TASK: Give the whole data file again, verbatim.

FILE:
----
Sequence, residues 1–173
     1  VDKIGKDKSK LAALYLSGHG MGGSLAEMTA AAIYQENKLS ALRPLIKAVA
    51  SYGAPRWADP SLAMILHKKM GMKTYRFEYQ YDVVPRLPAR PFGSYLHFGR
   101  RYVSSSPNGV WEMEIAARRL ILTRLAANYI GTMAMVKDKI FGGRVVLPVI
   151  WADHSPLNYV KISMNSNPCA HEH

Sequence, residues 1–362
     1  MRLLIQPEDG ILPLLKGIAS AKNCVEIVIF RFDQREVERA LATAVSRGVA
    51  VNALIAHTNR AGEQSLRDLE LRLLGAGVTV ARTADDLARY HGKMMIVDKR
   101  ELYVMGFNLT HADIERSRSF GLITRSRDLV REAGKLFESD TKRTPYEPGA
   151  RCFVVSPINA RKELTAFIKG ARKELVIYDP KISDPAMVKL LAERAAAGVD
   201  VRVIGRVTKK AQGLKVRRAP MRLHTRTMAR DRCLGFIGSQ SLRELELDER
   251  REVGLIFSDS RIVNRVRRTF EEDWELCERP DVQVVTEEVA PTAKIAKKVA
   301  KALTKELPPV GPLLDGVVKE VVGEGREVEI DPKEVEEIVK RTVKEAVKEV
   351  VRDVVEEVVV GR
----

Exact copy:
Sequence, residues 1–173
     1  VDKIGKDKSK LAALYLSGHG MGGSLAEMTA AAIYQENKLS ALRPLIKAVA
    51  SYGAPRWADP SLAMILHKKM GMKTYRFEYQ YDVVPRLPAR PFGSYLHFGR
   101  RYVSSSPNGV WEMEIAARRL ILTRLAANYI GTMAMVKDKI FGGRVVLPVI
   151  WADHSPLNYV KISMNSNPCA HEH

Sequence, residues 1–362
     1  MRLLIQPEDG ILPLLKGIAS AKNCVEIVIF RFDQREVERA LATAVSRGVA
    51  VNALIAHTNR AGEQSLRDLE LRLLGAGVTV ARTADDLARY HGKMMIVDKR
   101  ELYVMGFNLT HADIERSRSF GLITRSRDLV REAGKLFESD TKRTPYEPGA
   151  RCFVVSPINA RKELTAFIKG ARKELVIYDP KISDPAMVKL LAERAAAGVD
   201  VRVIGRVTKK AQGLKVRRAP MRLHTRTMAR DRCLGFIGSQ SLRELELDER
   251  REVGLIFSDS RIVNRVRRTF EEDWELCERP DVQVVTEEVA PTAKIAKKVA
   301  KALTKELPPV GPLLDGVVKE VVGEGREVEI DPKEVEEIVK RTVKEAVKEV
   351  VRDVVEEVVV GR